But at the same time, my mother-in-law is incredibly frugal, and a planner, so at the end of the summer (yes) we’re asked what we need so she can start scouting deals. This means I start brainstorming an answer to “What do you want for Christmas” in June. And the problem is, I’m not that good at it. Oh, I can come up with “wish list” type items – a new cashmere scarf from J.Crew! That Diane von Furstenberg dress I’ve been eyeing! That $800 chocolate vault sold by a fancy chocolate store in Boston! But these are not things I would ever actually request, because they are exorbitantly expensive and ridiculous. So instead I take stock of what we could actually use, but haven’t bought. This year, it’s towels, since we’ve been using my husband’s college set, and they are unspeakably old and tattered. I’m pretty pleased with this decision – we’re notoriously horrible at replacing household objects, and this is something that my mother-in-law can shop for well in advance, keeping an eye out for deals.

    Of course, I think the real trouble is that I wouldn’t mind if there were some kind of Secret Santa agreement, or “we really can’t think of anything so why don’t we not make up some stuff we don’t need and save everyone the time/money” agreement. It can get costly to shop for everyone in the family, as I’ve discussed. But then again, I never really grew up with the Christmas sentiment, and while I’d be happy to overstuff myself on ham and pie and sleep in until it was time to watch It’s a Wonderful Life, I think my husband feels differently.

    How do you handle different spending patterns between families at the holidays?

    image: New Internationalist Magazine

    Planning for Holiday Spending

    by  • November 7, 2012 • Tagged: , ,  • Comments


    These Are Essentially Piles of Money

    One of the most revolutionary things my young financial mind discovered upon entering the world of personal finance writing after college was the concept of early saving for holiday spending. I had always found myself unpleasantly stressed as the holidays arrived, particularly after I started spending Christmas with my husband’s family. They are a very generous, and numerous, group, and I felt compelled to have something for everyone (even if that was only a batch of cookies). But costs added up – travel, gifts, baking supplies, etc. – and I couldn’t get my mind around a way to offset the sudden spending.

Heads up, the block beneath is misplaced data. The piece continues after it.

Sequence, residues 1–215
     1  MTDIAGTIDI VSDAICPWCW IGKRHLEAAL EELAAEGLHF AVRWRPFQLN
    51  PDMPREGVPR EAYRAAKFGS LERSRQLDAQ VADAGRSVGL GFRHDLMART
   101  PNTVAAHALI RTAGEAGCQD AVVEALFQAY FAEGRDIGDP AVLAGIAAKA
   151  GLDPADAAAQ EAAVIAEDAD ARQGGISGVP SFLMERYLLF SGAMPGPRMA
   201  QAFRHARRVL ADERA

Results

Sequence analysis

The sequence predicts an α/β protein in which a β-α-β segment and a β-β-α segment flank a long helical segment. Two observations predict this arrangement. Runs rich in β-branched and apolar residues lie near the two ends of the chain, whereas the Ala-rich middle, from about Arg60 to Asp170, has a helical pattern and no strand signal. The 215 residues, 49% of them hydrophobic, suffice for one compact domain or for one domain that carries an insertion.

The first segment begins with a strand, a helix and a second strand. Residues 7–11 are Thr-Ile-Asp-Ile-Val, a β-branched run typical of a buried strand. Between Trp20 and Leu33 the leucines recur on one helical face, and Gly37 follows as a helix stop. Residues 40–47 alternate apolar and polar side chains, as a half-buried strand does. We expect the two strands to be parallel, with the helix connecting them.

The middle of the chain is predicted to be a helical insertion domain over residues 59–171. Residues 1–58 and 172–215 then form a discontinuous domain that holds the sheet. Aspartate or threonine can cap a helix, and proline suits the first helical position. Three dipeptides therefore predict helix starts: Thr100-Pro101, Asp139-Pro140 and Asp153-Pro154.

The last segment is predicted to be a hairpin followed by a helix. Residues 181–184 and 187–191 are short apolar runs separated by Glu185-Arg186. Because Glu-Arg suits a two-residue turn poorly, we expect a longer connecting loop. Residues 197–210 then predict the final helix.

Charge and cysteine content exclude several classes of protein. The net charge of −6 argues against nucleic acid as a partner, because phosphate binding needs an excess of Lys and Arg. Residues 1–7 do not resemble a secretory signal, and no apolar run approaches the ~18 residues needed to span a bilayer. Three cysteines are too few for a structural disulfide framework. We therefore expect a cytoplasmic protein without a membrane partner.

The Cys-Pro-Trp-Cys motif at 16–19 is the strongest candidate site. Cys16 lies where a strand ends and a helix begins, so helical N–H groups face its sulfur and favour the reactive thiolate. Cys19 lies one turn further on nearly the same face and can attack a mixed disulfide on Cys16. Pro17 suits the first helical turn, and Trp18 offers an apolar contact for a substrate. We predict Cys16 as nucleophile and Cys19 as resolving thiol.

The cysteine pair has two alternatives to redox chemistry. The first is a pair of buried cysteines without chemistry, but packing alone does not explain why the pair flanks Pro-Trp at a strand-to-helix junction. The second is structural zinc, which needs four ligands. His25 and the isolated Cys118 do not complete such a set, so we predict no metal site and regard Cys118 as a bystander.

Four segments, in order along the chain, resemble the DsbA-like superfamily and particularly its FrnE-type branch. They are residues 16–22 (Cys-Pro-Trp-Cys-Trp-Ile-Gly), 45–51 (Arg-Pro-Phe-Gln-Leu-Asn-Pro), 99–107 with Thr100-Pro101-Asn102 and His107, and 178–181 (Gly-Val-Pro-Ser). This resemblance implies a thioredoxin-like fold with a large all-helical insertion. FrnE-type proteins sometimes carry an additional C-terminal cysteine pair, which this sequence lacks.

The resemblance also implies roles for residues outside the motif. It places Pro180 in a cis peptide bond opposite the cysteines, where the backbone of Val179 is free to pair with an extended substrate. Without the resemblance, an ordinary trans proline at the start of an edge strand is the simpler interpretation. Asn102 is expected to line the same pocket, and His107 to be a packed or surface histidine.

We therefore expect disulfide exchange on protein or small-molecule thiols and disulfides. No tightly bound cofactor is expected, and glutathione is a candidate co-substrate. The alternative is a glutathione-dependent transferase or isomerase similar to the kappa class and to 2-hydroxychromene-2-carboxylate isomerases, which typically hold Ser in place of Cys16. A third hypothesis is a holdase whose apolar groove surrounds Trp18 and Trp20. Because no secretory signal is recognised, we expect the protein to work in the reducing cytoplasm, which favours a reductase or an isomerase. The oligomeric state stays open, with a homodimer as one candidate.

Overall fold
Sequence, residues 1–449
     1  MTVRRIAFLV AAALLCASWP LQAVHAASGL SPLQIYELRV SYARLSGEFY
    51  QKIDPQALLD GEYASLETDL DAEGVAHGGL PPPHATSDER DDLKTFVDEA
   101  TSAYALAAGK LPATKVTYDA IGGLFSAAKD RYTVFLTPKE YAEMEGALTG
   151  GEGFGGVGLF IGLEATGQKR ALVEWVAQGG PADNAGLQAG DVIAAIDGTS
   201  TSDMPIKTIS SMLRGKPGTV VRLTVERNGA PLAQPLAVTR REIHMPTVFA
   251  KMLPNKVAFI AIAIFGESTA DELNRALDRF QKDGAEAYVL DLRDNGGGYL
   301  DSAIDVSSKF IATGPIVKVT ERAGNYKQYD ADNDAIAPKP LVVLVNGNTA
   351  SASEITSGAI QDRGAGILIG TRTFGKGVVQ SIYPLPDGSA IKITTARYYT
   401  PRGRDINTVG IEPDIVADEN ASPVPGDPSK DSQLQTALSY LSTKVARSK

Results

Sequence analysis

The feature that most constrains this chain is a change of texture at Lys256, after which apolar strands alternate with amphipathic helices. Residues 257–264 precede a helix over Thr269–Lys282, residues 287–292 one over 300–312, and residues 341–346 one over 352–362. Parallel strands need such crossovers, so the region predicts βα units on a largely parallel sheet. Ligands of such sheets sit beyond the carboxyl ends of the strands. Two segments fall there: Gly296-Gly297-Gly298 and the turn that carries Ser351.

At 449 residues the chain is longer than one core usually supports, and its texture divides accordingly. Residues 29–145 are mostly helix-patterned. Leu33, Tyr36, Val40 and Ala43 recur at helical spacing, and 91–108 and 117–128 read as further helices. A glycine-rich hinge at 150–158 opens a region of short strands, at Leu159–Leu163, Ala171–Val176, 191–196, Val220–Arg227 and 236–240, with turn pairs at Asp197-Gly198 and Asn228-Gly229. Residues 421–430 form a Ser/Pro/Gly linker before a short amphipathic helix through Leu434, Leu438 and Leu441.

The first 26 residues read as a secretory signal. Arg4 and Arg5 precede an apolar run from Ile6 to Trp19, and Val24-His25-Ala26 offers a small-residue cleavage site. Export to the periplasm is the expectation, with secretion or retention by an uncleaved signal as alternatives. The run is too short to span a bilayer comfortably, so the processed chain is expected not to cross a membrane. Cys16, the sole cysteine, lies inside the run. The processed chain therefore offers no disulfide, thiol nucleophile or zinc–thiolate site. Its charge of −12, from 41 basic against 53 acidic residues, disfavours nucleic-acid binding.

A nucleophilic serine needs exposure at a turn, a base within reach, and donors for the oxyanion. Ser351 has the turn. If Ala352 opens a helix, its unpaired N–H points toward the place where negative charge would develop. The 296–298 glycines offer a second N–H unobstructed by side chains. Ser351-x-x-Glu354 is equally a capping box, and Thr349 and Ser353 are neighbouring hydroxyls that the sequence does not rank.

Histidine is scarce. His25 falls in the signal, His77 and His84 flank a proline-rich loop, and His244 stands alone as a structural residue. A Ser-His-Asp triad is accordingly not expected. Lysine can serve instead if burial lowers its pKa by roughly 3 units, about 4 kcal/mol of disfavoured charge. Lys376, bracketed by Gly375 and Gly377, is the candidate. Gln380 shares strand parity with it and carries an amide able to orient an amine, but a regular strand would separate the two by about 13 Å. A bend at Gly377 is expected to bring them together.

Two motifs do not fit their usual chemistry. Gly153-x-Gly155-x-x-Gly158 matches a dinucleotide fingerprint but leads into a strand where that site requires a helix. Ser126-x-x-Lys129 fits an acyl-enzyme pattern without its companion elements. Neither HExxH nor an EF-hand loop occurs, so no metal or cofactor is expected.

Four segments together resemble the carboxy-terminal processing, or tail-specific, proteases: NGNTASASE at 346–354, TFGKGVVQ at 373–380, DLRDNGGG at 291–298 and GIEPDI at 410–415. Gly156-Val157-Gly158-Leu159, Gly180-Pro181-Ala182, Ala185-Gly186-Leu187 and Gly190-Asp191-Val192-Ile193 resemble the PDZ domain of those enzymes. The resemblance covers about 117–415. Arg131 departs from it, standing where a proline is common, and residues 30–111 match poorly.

Until, that is, I read about a bloggers’ technique (sorry, can’t remember exactly who) for ending that exact stress. Rather than wait until November to think about cost, they put a small amount of money into a “holiday” account every month until said holidays, at which point, you have a small but healthy savings account to fund your spending.

    This, quite literally, blew my mind. I already had automatic savings withdrawals taken out of my paycheck each month for other savings accounts, and so I added a small sum – I think about $25 – each month to this fund. While it wasn’t quite enough to cover all holiday costs, it substantially offset an amount that would have otherwise stressed me out significantly. I also didn’t miss the $25 each month, especially as it was gone before I could notice it.

    These days, I employ a similar tactic; instead of a set amount each month, I tend to add lump sums of money when I can (after substantial overtime, for instance, or when I have a few freelance checks come in at once). This means that, while my husband mocks me for ordering holiday cards in October, I can take advantage of early bird sales because the cash is sitting there. I can also take money out of the fund to cover our plane tickets for holidays, and any other expenditures that come up. I don’t feel so cash poor the moment the stores pull out the holiday themed items (way too early, in my opinion), and most importantly, it alleviates stress during an already stressful time. Did the jam sandwich cookies I’d been planning to send to family turn into jam disaster piles? Not a problem, I can replace the supplies without stress. Find a good airline deal in July? Take advantage of it, because the money is there. It’s such a simple idea that I kick myself for not thinking of it earlier.

    How do you manage the stress of holiday spending?

    image: FutUndBeidl

    Happy Valentine’s Day!

    by  • February 14, 2012 • Tagged: ,  • Comments

    Valentine's Dliema

    Yeah, that's about right.

    image: xkcd

    Riding in the car this past Sunday afternoon…

    Her: So, let’s talk about Valentine’s Day…

    Me: *Breaking into cold sweat* Uhhh…ok…

    Her: I’m screwed.

    Me: Alright, me too! *hi-fives Her*

    Her: Whew. I’m so relived. What should we do?

    Him: Make a box of Ghirardelli brownies and drink some wine?

    Her: Perfect!

    Happy Valentine’s Day, everyone, frugal or not.

    Bye Bye, Money, Time

    by  • December 30, 2008 • Tagged: ,  • Comments



    That’s how I would describe one of the gifts that Her gave me for Christmas.

    It was a Nintendo DS Lite.

    I have already spent $20 at a local GameStop to buy myself a game. At least I bought used. In fact, I don’t think I’ll ever buy a new game. Only used for me. In doing so, I’ll end up “saving” much of my money.